Whether manually created or developed through workforce management systems, once you have carefully devised a set of workforce schedules, it’s critical that your staff sticks to the plan. But one of the hardest things to manage in many call centers is getting agents to adhere to their daily work schedules.
Most reps think, “Hey, there are dozens of other people on the phones now. What possible difference could it make if I just log off a few minutes early for my break? Just one person can’t possibly make that much difference.” Sound familiar?
Schedule adherence can be improved in many cases with a little education. Helping your staff understand what impact one individual agent has on service can go a long way in getting them to stick to their planned schedule.
So just what is the impact of a person or two on service? Well, it depends. The impact on service depends largely on two factors: the size of the call center, and what the current level of service delivery. Obviously, the smaller the call center, the greater the percentage share of workload handled by each person, and therefore the bigger the impact of his/her participation.
For example, if we look at call centers with 10, 25, and 50 agents, with all a 30-second average speed of answer (ASA), and then take one agent away, there is obviously a bigger impact on the smaller operations.
Because of the economies of scale of the larger centers, there is greater efficiency in the call handling process, and therefore the impact of one person is not as significant.
The other factor that determines the impact on service of any one single person is the level of service currently being provided. The better the existing level of service, the less the impact of one person, as illustrated below (using the example above of 346 calls per half hour, 240 second average handle time or 46 Erlangs of telecommunications traffic).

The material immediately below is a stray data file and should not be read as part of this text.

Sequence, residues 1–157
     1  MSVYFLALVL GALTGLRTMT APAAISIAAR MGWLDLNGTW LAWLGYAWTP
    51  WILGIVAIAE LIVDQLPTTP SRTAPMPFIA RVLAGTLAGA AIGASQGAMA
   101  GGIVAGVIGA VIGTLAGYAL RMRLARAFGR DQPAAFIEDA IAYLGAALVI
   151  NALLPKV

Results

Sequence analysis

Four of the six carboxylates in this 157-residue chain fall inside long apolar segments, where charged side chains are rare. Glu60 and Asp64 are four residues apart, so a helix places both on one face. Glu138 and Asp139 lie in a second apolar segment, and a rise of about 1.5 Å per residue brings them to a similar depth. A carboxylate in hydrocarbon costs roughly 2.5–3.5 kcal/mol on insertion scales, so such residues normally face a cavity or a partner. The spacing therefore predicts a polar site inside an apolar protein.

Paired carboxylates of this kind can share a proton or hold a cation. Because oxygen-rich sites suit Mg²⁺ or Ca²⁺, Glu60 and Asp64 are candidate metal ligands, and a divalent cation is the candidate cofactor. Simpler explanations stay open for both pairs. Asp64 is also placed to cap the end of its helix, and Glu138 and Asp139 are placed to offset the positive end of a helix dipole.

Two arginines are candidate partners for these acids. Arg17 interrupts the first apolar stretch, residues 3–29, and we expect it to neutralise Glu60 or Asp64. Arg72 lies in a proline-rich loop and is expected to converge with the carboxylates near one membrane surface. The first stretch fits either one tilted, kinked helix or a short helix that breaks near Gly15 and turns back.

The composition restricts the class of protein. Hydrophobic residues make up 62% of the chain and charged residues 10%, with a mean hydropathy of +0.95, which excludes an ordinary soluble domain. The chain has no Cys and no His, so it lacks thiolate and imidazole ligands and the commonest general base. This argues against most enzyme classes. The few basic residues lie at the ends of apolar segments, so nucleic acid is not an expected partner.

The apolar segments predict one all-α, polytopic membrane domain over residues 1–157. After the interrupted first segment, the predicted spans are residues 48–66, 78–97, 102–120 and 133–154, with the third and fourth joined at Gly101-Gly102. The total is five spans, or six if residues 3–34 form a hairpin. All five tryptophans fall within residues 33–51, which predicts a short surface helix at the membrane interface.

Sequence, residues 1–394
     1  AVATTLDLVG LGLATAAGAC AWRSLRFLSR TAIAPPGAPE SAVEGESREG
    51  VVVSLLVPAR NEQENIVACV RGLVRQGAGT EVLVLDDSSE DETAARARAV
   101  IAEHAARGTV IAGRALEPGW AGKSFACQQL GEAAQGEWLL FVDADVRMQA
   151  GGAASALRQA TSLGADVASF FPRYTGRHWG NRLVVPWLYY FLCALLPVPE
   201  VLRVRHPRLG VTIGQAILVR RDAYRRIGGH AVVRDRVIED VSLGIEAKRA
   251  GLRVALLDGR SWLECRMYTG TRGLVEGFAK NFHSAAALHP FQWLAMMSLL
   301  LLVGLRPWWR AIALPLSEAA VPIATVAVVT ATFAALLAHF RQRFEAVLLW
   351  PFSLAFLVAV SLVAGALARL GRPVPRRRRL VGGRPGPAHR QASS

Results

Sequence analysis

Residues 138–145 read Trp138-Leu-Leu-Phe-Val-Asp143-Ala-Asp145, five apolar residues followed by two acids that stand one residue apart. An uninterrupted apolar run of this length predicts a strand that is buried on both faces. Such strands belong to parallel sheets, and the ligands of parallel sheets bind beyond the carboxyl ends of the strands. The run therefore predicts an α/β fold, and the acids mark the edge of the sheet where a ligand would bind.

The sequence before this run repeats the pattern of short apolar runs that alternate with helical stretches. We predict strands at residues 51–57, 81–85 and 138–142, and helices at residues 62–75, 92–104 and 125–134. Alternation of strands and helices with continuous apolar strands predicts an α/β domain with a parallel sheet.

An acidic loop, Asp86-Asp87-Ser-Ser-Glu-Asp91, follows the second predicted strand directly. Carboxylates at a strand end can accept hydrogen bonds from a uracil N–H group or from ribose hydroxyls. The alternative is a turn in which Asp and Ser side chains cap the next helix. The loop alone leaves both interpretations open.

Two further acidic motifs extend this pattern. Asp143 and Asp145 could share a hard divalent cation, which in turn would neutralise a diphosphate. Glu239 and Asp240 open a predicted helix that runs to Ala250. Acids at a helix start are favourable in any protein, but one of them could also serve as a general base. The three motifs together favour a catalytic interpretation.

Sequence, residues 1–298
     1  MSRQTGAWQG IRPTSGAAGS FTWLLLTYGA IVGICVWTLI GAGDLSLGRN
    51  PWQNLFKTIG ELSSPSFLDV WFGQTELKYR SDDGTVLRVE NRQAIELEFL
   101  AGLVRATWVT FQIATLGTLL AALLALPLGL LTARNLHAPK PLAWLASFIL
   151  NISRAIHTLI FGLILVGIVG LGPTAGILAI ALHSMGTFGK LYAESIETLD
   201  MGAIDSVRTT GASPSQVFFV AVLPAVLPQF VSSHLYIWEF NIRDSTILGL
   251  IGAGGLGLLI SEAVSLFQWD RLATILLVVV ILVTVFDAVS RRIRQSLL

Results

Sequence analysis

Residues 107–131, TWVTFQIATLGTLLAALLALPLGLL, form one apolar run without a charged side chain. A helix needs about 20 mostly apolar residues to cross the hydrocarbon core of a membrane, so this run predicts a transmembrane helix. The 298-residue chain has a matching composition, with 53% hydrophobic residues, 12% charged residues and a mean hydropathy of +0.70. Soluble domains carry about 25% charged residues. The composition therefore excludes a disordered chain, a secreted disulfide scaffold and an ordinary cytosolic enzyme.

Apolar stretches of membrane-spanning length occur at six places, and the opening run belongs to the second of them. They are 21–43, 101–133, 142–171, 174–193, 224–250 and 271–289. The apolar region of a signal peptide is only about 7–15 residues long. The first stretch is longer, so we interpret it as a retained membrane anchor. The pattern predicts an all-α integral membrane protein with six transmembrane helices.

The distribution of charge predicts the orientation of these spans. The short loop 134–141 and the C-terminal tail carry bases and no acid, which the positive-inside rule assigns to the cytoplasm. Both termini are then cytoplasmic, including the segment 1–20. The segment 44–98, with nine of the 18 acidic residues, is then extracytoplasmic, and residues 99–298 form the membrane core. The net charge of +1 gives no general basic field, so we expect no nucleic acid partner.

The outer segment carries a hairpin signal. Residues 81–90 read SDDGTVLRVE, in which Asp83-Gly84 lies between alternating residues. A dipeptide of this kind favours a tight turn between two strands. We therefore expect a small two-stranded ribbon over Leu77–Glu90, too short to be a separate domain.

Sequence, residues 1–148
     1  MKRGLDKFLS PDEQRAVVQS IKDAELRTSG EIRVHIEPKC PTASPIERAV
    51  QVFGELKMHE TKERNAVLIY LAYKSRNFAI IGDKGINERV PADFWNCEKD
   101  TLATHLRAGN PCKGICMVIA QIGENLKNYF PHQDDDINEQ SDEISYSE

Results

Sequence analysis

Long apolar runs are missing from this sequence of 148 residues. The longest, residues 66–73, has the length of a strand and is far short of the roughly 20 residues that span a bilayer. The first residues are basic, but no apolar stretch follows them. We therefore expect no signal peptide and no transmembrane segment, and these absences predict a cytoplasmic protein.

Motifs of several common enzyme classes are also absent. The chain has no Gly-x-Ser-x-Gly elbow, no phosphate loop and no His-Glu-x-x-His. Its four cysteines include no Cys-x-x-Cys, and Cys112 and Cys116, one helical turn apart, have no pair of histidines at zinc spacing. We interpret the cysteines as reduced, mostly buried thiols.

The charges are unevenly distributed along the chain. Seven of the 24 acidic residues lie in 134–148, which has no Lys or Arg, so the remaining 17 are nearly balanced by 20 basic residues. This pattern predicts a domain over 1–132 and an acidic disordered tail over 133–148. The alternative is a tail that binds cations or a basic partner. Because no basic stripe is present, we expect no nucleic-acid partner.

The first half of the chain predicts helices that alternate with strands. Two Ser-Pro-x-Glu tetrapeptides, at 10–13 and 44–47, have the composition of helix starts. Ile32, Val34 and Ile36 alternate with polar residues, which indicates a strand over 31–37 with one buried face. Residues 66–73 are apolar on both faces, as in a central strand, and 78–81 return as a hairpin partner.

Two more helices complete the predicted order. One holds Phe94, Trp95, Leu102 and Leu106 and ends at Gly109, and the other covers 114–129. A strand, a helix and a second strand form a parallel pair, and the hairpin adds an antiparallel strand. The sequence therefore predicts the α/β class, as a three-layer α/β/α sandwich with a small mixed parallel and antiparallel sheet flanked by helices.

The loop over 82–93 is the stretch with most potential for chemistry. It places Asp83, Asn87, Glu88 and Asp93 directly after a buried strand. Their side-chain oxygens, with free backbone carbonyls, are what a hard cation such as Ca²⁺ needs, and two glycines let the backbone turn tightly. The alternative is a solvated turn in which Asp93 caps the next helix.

Number of staff Average speed of answer
54 6 sec
53 8 sec
52 12 sec
51 19 sec
50 30 sec
49 50 sec
48 91 sec
47 236 sec
Obviously, as staff numbers increase, service improves. As staff numbers decrease, service worsens. Depending on where the call center currently falls in the staffing/service curve, the impact of one person could be minimal (for example, going from 54 to 53 staff worsens ASA by only 2 seconds).
On the other end of the spectrum, decreasing staff from 48 to 47 staff handling the same calls would deteriorate service from a 91-second average wait to nearly 4 minutes!
The good news about the impact of one person on service is that if your center is in a service slump, adding just one more person on the phones can make a tremendous improvement. Then again, losing one person in what is already a mediocre or poor service situation can really ruin service for that period of the day.
Hopefully, a few charts and graphs illustrating the above staffing/service relationship in your next staff meeting will help enlighten those agents that think their impact on service is insignificant. We’ve found this to be the case in many call centers. Simply educating agents about the effect on service one or two bodies can have will help them understand the importance of schedule adherence and increase their cooperation with the schedule process.
Penny Reynolds is a founding partner of The Call Center School, www.thecallcenterschool.com, a Nashville, TN-based consulting and education company.